The Infrastructure Of Antichrist
By Hal Lindsey
We live in the age of surveillance. Cameras (attached to facial recognition systems), satellites, street sensors, license plate readers, drones, credit cards, computers, phones, televisions, “smart” devices, and other technologies watch every move we make. Corporations use this avalanche of data to make money. But does it work? Not always. According to Business Insider, Amazon is on track to lose $10 billion dollars on its Alexa division this year. That’s billion… with a “B.”
Amazon is big, but the loss of that kind of money still hurts. According to Macrotrends, “Amazon net income for the twelve months ending September 30, 2022 was $11.323 billion.” So, on paper at least, Alexa losses this year will almost equal Amazon’s profit. What do they hope to gain from Alexa in the future that makes it worth that level of loss today?
Alexa is a cloud-based personal assistant. The original idea was that it would build brand loyalty to Amazon by giving people easy access to things like the weather or favorite music. Planners had also hoped to make it easier for people to order products from Amazon. That part hasn’t worked too well. It turns out that people want to see products (or at least pictures of those products) before they buy them.
But Alexa is more than an assistant. It is also a massive data vacuum cleaner. It sucks up information about you at unprecedented levels. By default, the microphones on Alexa devices are always on. They are required to be on so that Alexa can know when you are addressing it, and then follow your instructions. Amazon says that Alexa only listens for key words that “wake up” the device. But that’s something we just have to take their word for.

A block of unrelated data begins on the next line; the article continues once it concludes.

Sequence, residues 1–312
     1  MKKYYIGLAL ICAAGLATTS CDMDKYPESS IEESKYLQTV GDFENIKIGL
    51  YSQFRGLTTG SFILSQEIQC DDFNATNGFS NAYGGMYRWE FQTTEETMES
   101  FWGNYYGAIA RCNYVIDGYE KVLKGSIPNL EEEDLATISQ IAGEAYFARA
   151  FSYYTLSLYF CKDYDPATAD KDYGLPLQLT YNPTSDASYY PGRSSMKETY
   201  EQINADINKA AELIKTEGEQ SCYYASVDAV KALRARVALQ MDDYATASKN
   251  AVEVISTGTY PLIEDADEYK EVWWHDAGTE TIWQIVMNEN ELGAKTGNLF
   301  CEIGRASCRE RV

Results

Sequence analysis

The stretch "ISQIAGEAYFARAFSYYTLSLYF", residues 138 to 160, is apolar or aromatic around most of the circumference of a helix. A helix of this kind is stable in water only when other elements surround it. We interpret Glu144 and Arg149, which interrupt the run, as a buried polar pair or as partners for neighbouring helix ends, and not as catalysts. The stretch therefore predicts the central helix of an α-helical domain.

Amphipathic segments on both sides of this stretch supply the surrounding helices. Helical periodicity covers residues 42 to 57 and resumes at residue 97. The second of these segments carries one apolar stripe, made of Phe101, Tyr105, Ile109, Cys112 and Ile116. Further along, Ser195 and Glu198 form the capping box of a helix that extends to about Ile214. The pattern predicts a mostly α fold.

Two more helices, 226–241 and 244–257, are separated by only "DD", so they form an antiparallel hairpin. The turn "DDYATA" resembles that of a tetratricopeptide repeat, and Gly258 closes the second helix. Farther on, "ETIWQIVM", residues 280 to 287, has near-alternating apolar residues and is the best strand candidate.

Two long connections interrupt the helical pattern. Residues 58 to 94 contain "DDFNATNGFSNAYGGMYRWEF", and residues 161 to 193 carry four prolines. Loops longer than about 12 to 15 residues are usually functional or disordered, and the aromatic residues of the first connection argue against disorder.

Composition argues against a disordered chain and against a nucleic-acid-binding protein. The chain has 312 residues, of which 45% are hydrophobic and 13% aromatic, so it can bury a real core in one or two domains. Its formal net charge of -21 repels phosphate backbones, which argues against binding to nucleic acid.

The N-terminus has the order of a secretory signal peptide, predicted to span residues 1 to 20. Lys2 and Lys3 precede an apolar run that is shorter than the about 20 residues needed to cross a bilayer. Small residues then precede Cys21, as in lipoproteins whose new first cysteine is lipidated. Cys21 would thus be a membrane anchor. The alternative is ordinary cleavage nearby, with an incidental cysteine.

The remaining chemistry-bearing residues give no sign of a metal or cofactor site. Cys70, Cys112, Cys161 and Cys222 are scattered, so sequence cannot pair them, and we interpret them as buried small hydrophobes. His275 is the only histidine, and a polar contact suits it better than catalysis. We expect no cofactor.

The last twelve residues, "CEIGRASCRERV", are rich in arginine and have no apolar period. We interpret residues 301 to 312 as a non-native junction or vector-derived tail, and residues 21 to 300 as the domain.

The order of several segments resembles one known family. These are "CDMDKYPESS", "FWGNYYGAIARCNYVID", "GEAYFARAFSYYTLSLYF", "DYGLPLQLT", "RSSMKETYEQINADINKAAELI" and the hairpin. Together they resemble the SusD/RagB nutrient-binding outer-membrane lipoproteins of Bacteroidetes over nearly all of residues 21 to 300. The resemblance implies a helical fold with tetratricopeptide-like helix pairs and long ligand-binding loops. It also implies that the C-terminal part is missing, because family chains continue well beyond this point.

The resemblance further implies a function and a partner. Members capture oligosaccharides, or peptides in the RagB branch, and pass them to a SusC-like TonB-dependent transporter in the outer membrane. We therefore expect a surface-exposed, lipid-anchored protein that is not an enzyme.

A few years ago, Samsung admitted that its smart TVs listen to all kinds of things. “Please be aware,” Samsung warned, “that if your spoken words include personal or other sensitive information, that information will be among the data captured and transmitted to a third party through your use of Voice Recognition.”
Samsung openly warns us to be careful what we say in the vicinity of their smart TVs. They record conversations and send them to Samsung computers. Their user agreement then allows them to sell the data contained in those conversations — no matter how private — to third parties. The good news is that you can turn off voice commands on the TV. The bad news is that you have to take their word for the fact that Samsung microphones (and cameras) are really off.
What do these companies do with all that data? If Alexa is any indicator, they do not make money with it. But government has lots of uses for it, and in the future will be able to tap into it at will. Services such as Alexa were originally built to make money and serve customers. Sadly, the companies that built them were unknowingly building the infrastructure of Antichrist.